Puppies love toys. During the puppy’s period of rapid development, from 8-weeks-to-9-or-10-months-old, it’s important to give him appropriate toys for his age. Breed may also play a role in what toys become his favorites: a hound will naturally enjoy anything he can chase after and carry; terriers are natural diggers and tuggers; and a gundog puppy loves chewing, fetching, and interactive toys.
Of course, your puppy’s personality also can guide you. If your puppy is bursting with energy and likes a challenge, he’ll love a toy that he can play with, and that also dispenses treats. Some pups are natural cuddlers and like to snuggle with a soft, plush toy, while others may toss it around the room and tear it to shreds. As a general rule of thumb, read the manufacturer’s guidelines to make sure the toy is appropriate for your dog’s age and size, and that it has been tested for safety.
It’s Teething Time
Regardless of breed and personality, one thing you can be sure of is that puppies chew. At around four months old, they start to teethe, as their puppy teeth are replaced by adult teeth and molars. At this stage, chewing may seem like your puppy’s obsession, and he’ll chew on anything, including your favorite shoes or the dining room chairs. As anyone who’s ever taken care of a teething baby knows, teething is painful and your puppy needs ways to distract himself and reduce the discomfort of sore gums. Teething toys help your puppy while giving you an opportunity to teach him what he may and may not chew on. These toys are made specifically for your teething puppies:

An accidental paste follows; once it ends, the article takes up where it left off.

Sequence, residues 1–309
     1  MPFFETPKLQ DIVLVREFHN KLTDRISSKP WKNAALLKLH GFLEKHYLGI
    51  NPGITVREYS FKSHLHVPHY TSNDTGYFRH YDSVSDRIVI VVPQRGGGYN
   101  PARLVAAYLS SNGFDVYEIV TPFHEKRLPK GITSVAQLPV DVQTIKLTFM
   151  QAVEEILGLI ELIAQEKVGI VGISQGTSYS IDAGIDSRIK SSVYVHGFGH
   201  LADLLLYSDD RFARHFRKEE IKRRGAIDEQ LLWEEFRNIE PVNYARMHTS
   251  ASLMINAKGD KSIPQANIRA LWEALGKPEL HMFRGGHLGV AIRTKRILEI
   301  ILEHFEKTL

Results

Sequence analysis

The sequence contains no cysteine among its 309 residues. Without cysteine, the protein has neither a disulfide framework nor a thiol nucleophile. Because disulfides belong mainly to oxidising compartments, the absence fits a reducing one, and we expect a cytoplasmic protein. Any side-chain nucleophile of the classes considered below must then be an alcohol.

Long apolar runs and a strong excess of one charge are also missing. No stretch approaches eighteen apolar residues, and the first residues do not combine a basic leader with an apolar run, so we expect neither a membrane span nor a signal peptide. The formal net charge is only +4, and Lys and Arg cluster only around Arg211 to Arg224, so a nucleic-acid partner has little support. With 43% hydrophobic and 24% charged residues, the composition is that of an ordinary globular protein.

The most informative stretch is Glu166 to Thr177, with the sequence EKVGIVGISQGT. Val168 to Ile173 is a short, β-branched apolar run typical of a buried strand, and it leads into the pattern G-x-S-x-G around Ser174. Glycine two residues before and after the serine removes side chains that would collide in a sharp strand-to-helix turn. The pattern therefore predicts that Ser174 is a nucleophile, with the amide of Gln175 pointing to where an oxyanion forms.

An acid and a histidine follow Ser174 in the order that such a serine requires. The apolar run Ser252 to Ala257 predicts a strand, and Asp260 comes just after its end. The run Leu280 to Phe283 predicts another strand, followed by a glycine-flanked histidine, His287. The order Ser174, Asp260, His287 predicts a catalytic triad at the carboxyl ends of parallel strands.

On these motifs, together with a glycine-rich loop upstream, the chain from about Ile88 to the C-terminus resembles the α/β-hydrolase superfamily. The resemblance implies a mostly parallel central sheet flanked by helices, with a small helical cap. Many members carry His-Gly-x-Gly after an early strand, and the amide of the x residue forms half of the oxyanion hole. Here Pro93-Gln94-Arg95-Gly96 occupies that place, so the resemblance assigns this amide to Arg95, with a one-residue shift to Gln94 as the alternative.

The shapes and textures of this chew toy will satisfy his need to chew and also keep him entertained.
Nylabone also makes a treat-filled chew toy that can be frozen to give your puppy cooling relief, hours of chewing, and mental stimulation, as he figures out how to get at the treats.
The Benebone Peanut Butter Flavored Wishbone Chew Toy has a curved shape that lets your puppy hold on to it for a satisfying chewing session. Even better, it’s flavored with real peanuts.
The Arctic Freeze Chew Toy is filled with purified water. Just freeze it and let your dog cool his aching gums as he chews. You can even fill it with his favorite treat.
When to Replace or Discard Toys
Whether for a small pup or full-grown dog, toys eventually will have to be replaced.
- Many chew toys are made specifically for a puppy’s deciduous, soft baby teeth. An older dog may gnaw pieces off the toy and ingest them, which can cause intestinal and digestive problems.
- Size matters. Toys made for the small mouths of an 8-to-10-week-old puppy may cause a 6-to-9 month-old puppy to choke.
- You want to teach your dog what’s appropriate to chew on and what is not, so don’t give him toys that resemble taboo items, like a squeaky shoe toy or a cute little toy cellphone.
- Regardless of your dog’s age, any toy should be replaced when it looks like it could break or tatter, for example if a rope toy has loose fibers that your dog could ingest. If it’s a chew toy, check the wear patterns on it and discard it if it appears to be at its breaking point.
- Upgrade to age-appropriate toys. As with children’s toys, the manufacturer will recommend an appropriate age range.
- Just as a toddler may grow tired of a toy he’s mastered or played with for weeks, a puppy especially loves brand new toys to play with. There are some interactive toys or puzzles that “grow” with your dog.
- There also ways to make old toys seem new again.
Whether you’re helping him through teething, teaching good behaviors, or just enjoying playtime with your puppy, good quality, age- and size-appropriate toys are as important to his development as training and exercise. And, they’re fun, too!